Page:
CHICAGO Sen. David Vitter (R., La.) is backing calls to deepen the Mississippi river to 50 feet so that ports on the waterway can accept cargo from post-Panamax size vessels.
A project allowing larger ships to pass through the Panama Canal will be completed in 2015, and the U.S. shipping industry is scrambling to get federal dollars and private funding to widen or deepen harbors, ports and waterways.
Adequate facilities are required for, among other things, the large amount of commodities, including ferrous and nonferrous metals, imported and exported by the United States every year.
Nearly 94.8 million tons of iron, iron ore, steel waste and scrap moved across U.S. waterways in 2011, according to the latest figures available from the U.S. Army Corps of Engineers. Primary metal product shipments by water totaled 67.8 million tons, including steel, copper, aluminum, ferroalloys and manganese, while shipments of nonferrous ores and scrap totaled 26.9 million tons.
Vitter, the ranking member of the U.S. Senate Committee on Environment and Public Works, met with industry and Louisiana transportation officials Aug. 22 in New Orleans to draw attention to a new economic impact report detailing the benefits of dredging the Mississippi to a depth of 50 feet from its 45-foot draft.
The Big River Coalition and the Louisiana Department of Transportation and Development commissioned the study by economist Tim Ryan.
Ryan determined a deeper channel allowing for larger vessels to maximize cargo throughput would increase domestic production by close to $11.5 billion, generate nearly 17,000 new permanent jobs and boost the income of American workers by $849.5 million.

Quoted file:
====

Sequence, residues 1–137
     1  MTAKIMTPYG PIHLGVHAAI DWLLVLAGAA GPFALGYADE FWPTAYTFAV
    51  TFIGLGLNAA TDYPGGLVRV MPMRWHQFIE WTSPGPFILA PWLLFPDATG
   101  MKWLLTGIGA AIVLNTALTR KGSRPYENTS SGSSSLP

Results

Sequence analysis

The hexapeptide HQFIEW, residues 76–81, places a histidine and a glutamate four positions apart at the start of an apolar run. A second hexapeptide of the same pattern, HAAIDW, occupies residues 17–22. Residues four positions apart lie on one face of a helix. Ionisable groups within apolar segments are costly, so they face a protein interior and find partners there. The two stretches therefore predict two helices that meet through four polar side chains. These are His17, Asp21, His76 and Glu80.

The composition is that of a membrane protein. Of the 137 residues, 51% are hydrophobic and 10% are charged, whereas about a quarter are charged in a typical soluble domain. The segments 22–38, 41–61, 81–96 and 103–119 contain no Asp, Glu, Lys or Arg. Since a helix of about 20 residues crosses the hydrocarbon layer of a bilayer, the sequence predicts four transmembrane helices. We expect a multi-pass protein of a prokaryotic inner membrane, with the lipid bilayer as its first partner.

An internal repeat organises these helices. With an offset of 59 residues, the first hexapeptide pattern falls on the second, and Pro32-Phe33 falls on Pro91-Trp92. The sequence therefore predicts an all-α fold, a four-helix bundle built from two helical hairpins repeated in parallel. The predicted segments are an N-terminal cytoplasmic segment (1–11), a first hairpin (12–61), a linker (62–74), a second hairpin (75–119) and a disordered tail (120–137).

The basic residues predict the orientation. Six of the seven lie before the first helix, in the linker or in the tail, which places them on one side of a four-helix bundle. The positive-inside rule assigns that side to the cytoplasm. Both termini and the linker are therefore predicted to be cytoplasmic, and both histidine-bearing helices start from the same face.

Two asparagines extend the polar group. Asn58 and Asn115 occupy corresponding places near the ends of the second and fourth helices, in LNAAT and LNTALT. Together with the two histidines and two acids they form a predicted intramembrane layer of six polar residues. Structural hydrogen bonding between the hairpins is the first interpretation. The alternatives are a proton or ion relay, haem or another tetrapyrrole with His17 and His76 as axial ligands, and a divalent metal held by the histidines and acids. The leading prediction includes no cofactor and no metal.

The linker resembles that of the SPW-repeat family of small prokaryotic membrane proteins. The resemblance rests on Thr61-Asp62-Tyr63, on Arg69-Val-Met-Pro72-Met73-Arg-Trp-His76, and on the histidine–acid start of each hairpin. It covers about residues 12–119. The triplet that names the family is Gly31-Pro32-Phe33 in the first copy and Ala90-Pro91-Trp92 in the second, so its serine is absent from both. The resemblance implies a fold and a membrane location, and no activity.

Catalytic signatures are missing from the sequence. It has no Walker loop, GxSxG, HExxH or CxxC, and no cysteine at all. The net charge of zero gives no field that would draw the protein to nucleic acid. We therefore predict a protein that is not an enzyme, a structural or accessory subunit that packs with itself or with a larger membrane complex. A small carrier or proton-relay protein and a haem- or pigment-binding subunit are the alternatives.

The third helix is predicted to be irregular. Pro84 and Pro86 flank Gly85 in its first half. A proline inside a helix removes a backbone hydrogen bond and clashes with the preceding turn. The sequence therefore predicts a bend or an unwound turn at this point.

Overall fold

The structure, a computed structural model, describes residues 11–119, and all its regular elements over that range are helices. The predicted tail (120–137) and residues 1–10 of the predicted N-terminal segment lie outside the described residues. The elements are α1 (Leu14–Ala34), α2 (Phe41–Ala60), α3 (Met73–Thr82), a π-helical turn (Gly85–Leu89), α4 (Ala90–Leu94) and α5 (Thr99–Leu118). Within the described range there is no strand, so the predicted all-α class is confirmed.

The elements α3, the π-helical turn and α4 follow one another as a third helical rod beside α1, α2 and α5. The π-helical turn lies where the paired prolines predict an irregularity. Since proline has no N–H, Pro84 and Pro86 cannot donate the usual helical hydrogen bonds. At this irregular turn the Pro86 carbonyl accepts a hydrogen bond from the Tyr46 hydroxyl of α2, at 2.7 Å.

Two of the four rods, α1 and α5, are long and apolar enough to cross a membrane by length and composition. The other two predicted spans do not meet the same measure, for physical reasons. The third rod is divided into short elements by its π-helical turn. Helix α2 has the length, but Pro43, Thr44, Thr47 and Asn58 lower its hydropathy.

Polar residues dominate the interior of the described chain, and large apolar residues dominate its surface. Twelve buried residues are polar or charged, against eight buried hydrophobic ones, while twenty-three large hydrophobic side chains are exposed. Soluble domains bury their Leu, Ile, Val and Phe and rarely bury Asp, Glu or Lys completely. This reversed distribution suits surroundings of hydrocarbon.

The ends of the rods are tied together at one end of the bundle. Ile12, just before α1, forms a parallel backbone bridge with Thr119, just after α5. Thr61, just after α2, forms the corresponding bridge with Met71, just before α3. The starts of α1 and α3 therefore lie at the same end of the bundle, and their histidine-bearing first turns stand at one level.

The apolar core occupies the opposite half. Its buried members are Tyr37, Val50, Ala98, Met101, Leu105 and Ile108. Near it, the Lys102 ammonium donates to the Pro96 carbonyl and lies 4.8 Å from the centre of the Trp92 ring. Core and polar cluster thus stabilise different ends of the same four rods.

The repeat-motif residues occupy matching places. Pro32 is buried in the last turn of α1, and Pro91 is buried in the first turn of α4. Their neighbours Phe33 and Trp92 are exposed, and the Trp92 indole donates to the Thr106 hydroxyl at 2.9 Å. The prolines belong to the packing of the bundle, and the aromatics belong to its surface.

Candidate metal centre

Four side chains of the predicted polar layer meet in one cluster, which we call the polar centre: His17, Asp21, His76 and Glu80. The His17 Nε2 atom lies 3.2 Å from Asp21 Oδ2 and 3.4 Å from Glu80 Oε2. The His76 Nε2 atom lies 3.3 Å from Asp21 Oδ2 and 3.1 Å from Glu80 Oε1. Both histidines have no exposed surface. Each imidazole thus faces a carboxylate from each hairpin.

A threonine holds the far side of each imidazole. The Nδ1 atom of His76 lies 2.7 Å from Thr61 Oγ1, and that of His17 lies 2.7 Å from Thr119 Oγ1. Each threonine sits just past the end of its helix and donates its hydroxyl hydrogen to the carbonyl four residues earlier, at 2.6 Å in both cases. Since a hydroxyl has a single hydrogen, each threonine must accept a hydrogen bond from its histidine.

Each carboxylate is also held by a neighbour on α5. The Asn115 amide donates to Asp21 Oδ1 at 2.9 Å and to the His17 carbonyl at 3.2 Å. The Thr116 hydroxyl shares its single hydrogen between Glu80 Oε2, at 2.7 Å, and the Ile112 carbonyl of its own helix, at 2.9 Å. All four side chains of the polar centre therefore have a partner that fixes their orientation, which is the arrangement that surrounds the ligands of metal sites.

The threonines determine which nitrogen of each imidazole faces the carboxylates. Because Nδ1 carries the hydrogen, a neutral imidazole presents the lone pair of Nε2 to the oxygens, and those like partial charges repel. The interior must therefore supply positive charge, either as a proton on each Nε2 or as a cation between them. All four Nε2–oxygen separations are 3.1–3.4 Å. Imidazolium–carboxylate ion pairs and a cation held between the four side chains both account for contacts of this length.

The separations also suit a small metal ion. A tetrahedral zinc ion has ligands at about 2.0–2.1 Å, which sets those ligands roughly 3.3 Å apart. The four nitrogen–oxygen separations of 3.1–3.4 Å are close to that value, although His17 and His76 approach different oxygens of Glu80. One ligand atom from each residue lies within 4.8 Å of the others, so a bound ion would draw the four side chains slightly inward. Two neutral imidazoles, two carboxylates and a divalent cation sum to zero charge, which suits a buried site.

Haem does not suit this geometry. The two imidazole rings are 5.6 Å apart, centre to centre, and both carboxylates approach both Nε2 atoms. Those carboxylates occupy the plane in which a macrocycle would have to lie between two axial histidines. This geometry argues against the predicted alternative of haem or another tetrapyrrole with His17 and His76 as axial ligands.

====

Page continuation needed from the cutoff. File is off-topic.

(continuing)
"The water resources bill that we passed through the Senate earlier this year will give us the opportunity to increase funding to dredge and improve our waterways and infrastructure," Vitter said in a statement.
The Lower Mississippi River channel was originally authorized to be deepened to 55 feet in the Water Resources Development Act (WRDA) of 1986 but it was never dredged below 45 feet due to a federal requirement that annual maintenance beyond 45 feet be financed by the state. Language in the new WRDA bill would shift maintenance costs to the federal level.
"If the Mississippi River is not deepened to match the controlling draft of the new Panama Canal locks, U.S. exporters become less competitive in the world market and consumers pay more for goods and services," Big River Coalition executive director Sean M. Duffy Sr. said.
Post-Panamax vessels can carry 13,000 to 14,000 20-foot equivalent unit (TEU) containers, up from the current Panamax vessels, which can only carry 4,400 TEUs.
The project to deepen the Lower Mississippi River will cost an estimated $300 million.